A second example of potential unfairness resulting from the manner in which the security is assessed and held arises in Nunavut, where the risk of overbonding can occur3. Overbonding is where a project proponent is required to provide financial security to more than one payee in relation to the same reclamation requirements. The result is that the combined security posted across all instruments exceeds the combined liability.

Under the Nunavut Land Claims Agreement and the Nunavut Waters and Nunavut Surface Rights Tribunal Act (NWNSRTA) security is assessed and ordered by the Nunavut Water Board (NWB) during the water licensing phase of the regulatory process. The NWNSRTA further stipulates that the full amount of security ordered under the licence is to be held by the Minister of Aboriginal Affairs and Northern Development Canada (AANDC).  In accordance with Inuit Traditional Knowledge  the environmental elements of air, land and water are interconnected. Following this conception, the NWB’s approach to assessing security is holistic and practical; the NWB requires licence applicants to submit a single reclamation plan with cost estimates to the NWB without segregating land and water reclamation4.

In cases where the federal government is the owner of the land being developed, the security is assessed by the NWB and then held by AANDC under the water licence. While additional security (above that held under the water licence) may potentially be determined to be required by AANDC as land owner, the federal government can easily coordinate the necessary security instruments. This coordination becomes more problematic where the land being developed is Inuit owned.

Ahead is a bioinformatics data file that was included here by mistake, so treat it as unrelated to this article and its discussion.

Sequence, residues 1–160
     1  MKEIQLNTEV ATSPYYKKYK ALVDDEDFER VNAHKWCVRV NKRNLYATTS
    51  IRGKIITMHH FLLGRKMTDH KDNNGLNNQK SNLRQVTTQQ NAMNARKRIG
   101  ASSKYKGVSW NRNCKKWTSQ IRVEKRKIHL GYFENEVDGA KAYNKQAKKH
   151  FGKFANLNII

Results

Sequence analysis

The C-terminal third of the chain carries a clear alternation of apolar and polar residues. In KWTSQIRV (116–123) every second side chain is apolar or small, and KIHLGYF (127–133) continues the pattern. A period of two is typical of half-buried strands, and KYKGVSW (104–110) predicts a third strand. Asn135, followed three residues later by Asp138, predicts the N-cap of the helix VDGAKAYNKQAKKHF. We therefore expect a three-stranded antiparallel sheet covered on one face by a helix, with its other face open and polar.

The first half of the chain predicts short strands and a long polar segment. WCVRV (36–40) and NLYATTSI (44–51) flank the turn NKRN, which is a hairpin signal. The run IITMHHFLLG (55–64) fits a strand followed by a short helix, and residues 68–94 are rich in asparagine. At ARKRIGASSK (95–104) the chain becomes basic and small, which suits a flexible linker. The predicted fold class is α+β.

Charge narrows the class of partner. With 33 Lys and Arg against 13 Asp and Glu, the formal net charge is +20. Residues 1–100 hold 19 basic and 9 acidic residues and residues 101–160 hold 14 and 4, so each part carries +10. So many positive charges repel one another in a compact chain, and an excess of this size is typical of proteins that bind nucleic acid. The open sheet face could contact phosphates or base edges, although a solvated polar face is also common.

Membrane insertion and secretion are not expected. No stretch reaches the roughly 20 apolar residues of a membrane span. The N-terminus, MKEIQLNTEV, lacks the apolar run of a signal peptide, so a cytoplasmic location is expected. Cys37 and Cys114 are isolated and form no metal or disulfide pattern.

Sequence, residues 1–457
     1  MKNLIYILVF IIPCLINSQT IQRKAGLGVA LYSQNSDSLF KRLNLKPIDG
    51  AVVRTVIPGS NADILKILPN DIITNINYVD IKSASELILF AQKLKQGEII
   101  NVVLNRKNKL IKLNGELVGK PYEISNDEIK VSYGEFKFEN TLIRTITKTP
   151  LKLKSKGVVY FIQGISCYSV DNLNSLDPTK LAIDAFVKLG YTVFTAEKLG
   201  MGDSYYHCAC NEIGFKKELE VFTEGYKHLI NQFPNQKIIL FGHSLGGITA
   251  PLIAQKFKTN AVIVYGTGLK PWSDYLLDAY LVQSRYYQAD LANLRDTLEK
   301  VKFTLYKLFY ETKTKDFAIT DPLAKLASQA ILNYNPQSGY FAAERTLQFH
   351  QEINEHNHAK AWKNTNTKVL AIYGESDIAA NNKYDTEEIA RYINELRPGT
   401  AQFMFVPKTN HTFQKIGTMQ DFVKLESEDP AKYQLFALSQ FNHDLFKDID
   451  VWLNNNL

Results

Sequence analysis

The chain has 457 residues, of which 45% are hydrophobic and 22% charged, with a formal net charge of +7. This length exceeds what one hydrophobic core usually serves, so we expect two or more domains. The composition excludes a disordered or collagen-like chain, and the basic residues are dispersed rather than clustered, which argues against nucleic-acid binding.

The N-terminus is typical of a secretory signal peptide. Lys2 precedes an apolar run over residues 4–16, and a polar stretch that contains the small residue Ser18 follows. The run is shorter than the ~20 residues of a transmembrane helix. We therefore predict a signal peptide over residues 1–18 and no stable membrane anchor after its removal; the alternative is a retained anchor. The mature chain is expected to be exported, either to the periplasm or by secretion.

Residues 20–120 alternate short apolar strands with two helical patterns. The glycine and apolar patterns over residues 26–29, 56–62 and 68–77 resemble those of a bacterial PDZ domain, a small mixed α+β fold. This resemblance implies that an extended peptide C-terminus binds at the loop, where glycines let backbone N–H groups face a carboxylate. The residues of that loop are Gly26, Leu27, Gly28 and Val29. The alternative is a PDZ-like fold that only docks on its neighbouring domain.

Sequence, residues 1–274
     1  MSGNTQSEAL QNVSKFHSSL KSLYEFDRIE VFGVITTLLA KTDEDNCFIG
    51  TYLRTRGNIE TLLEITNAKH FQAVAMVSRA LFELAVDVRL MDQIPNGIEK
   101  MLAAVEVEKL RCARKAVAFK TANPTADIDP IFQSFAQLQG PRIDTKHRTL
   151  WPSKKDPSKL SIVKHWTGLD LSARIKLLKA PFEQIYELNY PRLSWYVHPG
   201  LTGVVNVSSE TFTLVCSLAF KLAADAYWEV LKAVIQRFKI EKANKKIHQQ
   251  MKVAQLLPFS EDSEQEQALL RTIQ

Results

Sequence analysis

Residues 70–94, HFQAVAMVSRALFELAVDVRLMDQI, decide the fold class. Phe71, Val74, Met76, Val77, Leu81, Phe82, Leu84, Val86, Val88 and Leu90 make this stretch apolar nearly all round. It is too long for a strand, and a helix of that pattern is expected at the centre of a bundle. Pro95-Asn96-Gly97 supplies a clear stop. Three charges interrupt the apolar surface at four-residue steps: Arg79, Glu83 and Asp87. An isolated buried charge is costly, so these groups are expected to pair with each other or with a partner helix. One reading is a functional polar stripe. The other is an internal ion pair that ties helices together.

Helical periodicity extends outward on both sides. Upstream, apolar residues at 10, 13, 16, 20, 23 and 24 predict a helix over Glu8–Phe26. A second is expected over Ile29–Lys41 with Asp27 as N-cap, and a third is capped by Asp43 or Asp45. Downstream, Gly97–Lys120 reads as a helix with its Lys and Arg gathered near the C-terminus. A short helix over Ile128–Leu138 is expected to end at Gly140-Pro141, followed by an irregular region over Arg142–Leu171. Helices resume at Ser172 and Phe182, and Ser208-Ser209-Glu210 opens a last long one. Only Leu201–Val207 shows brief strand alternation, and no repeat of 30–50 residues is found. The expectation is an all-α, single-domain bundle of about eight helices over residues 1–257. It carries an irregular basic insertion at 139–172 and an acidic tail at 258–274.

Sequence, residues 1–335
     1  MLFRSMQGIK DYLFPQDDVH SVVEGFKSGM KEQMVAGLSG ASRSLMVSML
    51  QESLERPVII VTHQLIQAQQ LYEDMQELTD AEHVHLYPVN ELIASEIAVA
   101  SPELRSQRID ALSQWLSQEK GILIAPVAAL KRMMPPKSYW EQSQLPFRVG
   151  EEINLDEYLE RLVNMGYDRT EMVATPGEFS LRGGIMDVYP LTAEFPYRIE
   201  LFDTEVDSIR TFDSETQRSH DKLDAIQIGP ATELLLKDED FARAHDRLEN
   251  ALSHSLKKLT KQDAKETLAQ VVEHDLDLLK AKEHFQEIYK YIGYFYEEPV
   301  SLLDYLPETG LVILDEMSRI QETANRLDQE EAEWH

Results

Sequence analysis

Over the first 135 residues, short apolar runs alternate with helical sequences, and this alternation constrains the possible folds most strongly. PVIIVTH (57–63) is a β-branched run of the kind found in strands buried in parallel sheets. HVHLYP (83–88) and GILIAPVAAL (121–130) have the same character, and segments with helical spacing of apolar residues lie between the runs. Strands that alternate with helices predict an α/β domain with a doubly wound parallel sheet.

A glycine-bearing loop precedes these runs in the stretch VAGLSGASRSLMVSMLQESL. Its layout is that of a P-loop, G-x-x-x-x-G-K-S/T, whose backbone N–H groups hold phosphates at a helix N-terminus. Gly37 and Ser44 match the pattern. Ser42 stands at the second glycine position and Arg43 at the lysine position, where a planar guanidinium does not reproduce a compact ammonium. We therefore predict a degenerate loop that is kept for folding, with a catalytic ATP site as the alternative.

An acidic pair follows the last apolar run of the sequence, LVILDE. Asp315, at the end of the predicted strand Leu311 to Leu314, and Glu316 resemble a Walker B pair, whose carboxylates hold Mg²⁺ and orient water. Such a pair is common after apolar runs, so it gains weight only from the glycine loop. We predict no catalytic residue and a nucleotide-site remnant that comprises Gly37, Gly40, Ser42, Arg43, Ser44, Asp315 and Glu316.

In the case of Inuit owned land, the law still dictates that the NWB security is to be held by the Minister of AANDC under the water licence.  Further, the Designated Inuit Organization (DIO) may seek land based security under the lease to mitigate their own risk of liability and protect Inuit interests.  This security under the lease then has the potential to overlap with that held under the water licence. In cases where the potential for overbonding has actually arisen the NWB has managed to resolve the issue fairly and to the satisfaction of all parties5, yet the risk of the problem still looms under the current regulatory regime6.

Whether the unfairness in these instances is real or only threatened, these laws and policies have the arguable effect of deterring development.  In their 2013 comments regarding the Draft Financial Viability and Financial Responsibility Guidelines, CAPP concluded that the proposed Guidelines “present unnecessary and unintended prohibitive barriers to exploration in a regulatory environment already fraught with uncertainty”7.  The sensitivity of the NEB to these issues of unfairness will be revealed in the Spring (2014) when the official version of the Guidelines is released.